Anti-Brexit Labour Plans Patriotic Rebrand to Win Back Working Class Voters: Report

DUDLEY, ENGLAND - MARCH 08: L-R) Sir Keir Starmer, Shadow Secretary of State for Exiting t
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Labour is reportedly desperate to shake off its image as a party of the Europhile liberal metropolitan elite, considering instead embracing patriotism to win back the large swathes of working-class voters who flocked to the Brexit-backing Conservative Party.

December 2019’s General Election saw the Labour Party, then under the leadership of socialist Jeremy Corbyn, suffer massive losses in areas known as the ‘Red Wall’ — parliamentary seats comprised of working-class, but traditionally Labour voting, Britons — with some going Labour Red to Conservative Blue for the first time in the constituencies’ histories.

A 2020 report revealed that the Tories had become the party of the working class due to its promise to deliver Brexit and to redistribute resources away from London to other parts of the country, the latter which Prime Minister Boris Johnson termed his pledge to “level up” the country.

According to a leaked strategy report obtained by The Guardian, the Labour Party — now led by liberal centrist lawyer Sir Keir Starmer — wants to rebrand their image to take back those voters in those “foundation seats” (the Red Wall).

One presentation slide researchers submitted to the party suggested Labour needed to reinforce a sense of left-wing patriotism when it said that “communicating Labour’s respect and commitment for the country can represent a change in the party’s body language”.

“The use of the flag, veterans, dressing smartly at the war memorial etc. give voters a sense of authentic values alignment,” said another recommendation.

While a Labour source said the phrasings were those of the research agency, the recommendations represented some of the changes that the party was looking to make. Labour appears to already be implementing some suggestions, with The Guardian reporting that within hours of one briefing, senior Labour officials ordered in one party WhatsApp group to “prioritise the Union Jack header images, not the plain red ones”.

This week party leader Keir Starmer was also seen standing near a Union flag during a political broadcast using phrases such as rebuilding “our country”. Surprisingly for the erstwhile open borders-backing party, Labour recently condemned the Conservatives for its lax border controls during the pandemic.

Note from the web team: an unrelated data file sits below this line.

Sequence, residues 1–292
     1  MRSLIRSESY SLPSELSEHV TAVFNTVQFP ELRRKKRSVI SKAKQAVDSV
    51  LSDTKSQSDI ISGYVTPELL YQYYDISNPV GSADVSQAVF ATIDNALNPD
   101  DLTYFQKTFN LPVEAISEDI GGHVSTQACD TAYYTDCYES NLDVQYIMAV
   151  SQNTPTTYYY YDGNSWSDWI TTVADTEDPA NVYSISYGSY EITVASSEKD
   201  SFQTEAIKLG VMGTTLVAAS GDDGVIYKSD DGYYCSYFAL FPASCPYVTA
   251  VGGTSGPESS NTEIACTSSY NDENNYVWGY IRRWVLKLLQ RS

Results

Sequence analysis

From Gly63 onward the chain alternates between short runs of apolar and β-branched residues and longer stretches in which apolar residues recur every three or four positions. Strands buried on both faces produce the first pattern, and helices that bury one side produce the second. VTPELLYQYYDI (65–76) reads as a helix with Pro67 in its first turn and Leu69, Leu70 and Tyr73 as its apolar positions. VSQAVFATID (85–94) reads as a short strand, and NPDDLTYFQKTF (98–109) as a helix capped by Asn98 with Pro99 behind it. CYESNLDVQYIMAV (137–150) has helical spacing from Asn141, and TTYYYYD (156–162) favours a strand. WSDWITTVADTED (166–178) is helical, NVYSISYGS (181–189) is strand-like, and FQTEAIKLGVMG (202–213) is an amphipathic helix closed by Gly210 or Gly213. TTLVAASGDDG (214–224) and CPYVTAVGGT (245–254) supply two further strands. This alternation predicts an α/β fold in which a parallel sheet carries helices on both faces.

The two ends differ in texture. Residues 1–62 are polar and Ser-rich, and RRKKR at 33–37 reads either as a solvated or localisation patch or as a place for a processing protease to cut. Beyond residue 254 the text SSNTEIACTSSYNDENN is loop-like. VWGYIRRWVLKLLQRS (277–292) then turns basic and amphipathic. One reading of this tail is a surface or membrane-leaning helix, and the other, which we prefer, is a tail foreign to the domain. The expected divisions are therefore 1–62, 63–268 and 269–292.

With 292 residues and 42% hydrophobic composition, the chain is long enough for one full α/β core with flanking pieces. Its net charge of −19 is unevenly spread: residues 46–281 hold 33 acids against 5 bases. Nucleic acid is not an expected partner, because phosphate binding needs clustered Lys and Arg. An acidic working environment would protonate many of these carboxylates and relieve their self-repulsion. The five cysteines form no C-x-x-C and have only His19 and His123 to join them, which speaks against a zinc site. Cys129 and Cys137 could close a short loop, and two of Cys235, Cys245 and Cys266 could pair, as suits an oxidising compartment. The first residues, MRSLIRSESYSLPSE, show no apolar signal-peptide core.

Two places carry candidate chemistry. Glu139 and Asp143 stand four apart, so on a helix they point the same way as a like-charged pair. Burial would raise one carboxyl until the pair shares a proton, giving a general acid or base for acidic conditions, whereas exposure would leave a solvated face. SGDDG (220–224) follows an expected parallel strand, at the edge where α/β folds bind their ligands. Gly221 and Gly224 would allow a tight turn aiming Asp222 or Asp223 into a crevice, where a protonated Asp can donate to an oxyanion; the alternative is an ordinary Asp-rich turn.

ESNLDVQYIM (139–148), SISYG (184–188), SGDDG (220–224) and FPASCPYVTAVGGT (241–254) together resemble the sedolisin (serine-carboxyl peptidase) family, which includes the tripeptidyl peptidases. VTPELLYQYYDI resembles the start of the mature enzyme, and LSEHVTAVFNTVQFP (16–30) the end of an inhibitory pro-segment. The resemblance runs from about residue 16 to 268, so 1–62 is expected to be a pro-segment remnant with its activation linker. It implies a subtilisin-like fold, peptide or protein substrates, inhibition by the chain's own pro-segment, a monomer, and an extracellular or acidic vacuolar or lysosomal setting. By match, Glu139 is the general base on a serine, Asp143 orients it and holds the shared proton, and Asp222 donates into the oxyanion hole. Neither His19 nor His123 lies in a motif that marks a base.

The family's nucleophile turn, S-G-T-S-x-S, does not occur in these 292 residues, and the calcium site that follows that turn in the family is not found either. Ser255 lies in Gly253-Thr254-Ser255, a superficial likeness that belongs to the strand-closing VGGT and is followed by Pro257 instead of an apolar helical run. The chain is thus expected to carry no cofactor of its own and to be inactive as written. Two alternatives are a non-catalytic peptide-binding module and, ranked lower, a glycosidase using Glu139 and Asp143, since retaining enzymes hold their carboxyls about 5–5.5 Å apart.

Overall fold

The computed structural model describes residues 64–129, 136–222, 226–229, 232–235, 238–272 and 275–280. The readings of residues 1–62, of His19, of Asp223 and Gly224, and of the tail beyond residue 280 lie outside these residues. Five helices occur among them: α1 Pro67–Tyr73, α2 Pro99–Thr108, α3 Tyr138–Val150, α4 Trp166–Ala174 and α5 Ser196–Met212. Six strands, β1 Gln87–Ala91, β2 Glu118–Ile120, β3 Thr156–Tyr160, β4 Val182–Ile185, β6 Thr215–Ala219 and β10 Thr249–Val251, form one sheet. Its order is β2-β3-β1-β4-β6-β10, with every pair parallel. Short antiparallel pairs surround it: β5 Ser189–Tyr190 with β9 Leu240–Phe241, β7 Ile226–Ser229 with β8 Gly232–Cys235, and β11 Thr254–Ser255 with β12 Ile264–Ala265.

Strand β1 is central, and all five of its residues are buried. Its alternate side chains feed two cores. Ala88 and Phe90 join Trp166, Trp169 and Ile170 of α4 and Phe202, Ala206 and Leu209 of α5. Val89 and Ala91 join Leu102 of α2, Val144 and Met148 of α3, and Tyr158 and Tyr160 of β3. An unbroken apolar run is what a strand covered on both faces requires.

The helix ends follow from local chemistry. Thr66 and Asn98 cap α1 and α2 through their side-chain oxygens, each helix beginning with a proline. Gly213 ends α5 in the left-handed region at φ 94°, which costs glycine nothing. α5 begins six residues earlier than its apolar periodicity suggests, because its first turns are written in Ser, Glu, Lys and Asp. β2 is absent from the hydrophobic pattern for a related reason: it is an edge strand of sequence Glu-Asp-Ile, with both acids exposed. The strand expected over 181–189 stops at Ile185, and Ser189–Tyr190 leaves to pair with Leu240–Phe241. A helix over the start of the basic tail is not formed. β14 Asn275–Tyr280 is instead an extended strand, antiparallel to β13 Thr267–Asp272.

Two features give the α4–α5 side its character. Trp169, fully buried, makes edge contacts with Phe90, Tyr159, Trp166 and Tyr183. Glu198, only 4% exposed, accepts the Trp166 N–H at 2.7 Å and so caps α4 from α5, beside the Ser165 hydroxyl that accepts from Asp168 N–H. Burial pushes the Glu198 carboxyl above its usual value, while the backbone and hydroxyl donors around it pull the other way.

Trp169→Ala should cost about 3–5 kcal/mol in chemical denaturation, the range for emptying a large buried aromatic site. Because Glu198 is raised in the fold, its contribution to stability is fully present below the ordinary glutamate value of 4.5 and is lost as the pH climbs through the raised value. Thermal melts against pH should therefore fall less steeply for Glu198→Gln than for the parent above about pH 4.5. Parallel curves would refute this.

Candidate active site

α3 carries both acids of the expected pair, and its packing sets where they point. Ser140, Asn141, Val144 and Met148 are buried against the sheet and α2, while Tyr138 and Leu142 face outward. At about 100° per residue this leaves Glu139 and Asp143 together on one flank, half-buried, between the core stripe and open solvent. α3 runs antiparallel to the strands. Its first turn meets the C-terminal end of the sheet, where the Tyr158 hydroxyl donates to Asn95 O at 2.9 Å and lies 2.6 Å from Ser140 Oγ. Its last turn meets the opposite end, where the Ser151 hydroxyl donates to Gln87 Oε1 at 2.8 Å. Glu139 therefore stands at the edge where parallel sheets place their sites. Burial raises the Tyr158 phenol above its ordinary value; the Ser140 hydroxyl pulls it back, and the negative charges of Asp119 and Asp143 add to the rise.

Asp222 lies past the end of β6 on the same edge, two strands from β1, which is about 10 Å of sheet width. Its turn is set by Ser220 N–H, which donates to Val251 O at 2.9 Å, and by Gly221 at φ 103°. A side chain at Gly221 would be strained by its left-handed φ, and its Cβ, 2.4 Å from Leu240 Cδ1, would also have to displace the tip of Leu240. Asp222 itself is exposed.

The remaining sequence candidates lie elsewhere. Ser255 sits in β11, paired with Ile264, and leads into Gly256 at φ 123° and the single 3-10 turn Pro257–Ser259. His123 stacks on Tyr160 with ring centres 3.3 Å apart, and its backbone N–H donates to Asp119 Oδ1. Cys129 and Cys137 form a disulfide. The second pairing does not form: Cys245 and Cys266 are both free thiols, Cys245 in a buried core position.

Voters also reportedly told researchers that they do not know what Labour stands for, with some remarking that they see the vagueries of Labour’s policies as intentional and cynical.
One former Labour voter in Grimsby, which had voted Labour since 1945 until 2019, said that the left-wing party “are the voice of the students. They have left real people, taxpayers behind.”

This critique has been substantiated in the high-profile gaffs for senior members of the Labour Party in recent history.

A 2005 interview with the current party leader — now seeking to embrace the Monarchy-loving working-class — unearthed by Guido Fawkes revealed Starmer had bragged of his high-flying legal career: “I also got made a Queen’s Counsel, which is odd since I often used to propose the abolition of the monarchy”, before laughing.

In 2010, former Prime Minister Gordon Brown was caught by a hot mic calling a northern voter a “bigoted woman” because she expressed concern about mass migration as a result of open borders with the EU, an incident that has been marked as a watershed moment, the beginning of the fall of British left-wing politics, and which helped precipitate the vote to leave the European Union.

In 2014, Emily Thornberry, who became a senior figure in the Remain movement, was forced to resign from the shadow cabinet after tweeting in mockery an image of a voter’s house in Rochester which had a white outside and England flags — both symbols of working-class culture — with the homeowner, a car dealer, branding the Labour MP a “snob”.

Even in the intervening years since those incidents, Labour may be little prepared to rebrand as the party of the White Van Patriot. Clive Lewis MP described the leaked recommendations as nativism, saying they represented “Fatherland-ism”.

Just last month, Rosie Duffield revealed that the majority of her fellow MPs in the Opposition are “desperate” to rejoin the EU and are already formulating a Rejoin campaign. The former teaching assistant said that while Labour’s current leader has ruled out making the renewal of Britain’s membership of the European Union a party policy, she hoped that her colleagues could “shift” the leadership on its position, even suggesting that in the future, a new leader may back the Rejoin movement.


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